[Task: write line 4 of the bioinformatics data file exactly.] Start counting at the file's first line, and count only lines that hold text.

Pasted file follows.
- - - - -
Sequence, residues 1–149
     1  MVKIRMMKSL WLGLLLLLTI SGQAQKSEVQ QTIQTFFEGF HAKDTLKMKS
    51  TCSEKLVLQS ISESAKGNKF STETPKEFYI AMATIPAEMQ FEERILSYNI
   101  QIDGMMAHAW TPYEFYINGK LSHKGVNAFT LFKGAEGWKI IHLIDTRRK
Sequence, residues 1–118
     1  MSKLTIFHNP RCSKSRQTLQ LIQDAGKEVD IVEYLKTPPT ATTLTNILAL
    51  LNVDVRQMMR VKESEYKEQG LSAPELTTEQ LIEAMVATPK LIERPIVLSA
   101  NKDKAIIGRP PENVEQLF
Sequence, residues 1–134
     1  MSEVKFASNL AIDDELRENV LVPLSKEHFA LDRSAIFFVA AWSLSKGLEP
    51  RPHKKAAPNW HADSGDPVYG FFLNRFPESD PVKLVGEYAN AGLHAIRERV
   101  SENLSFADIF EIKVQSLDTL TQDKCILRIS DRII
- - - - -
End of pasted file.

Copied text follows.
   101  QIDGMMAHAW TPYEFYINGK LSHKGVNAFT LFKGAEGWKI IHLIDTRRK